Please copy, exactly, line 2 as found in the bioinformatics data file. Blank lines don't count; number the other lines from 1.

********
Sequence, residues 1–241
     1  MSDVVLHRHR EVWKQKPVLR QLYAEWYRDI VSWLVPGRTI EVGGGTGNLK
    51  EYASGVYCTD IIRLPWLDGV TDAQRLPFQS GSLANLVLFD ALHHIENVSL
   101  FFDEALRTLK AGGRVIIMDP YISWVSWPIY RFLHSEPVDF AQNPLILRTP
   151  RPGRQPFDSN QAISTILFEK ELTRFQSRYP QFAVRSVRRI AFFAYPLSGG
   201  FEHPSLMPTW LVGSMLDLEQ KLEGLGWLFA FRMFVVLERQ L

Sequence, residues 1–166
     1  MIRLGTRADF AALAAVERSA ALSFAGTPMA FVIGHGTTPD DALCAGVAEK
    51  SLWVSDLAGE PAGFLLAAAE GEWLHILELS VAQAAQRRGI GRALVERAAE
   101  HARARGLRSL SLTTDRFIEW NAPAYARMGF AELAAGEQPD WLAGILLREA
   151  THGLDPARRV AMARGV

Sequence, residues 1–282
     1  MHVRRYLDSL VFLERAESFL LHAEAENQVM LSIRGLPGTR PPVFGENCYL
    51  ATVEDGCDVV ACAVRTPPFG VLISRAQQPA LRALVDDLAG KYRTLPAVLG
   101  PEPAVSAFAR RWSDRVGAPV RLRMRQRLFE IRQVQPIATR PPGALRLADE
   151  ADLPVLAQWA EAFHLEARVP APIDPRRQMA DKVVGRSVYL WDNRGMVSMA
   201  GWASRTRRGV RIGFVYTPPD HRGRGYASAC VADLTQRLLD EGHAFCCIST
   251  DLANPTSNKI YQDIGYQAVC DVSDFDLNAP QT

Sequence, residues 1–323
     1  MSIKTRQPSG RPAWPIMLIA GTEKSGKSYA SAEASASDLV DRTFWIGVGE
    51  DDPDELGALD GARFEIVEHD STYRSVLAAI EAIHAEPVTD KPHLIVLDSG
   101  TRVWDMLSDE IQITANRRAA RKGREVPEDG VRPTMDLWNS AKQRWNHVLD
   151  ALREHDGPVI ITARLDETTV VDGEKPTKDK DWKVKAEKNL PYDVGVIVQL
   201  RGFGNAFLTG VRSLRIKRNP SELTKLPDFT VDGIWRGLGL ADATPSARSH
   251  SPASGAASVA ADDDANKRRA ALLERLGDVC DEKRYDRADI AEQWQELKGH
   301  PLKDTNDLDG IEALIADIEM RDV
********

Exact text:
     1  MSDVVLHRHR EVWKQKPVLR QLYAEWYRDI VSWLVPGRTI EVGGGTGNLK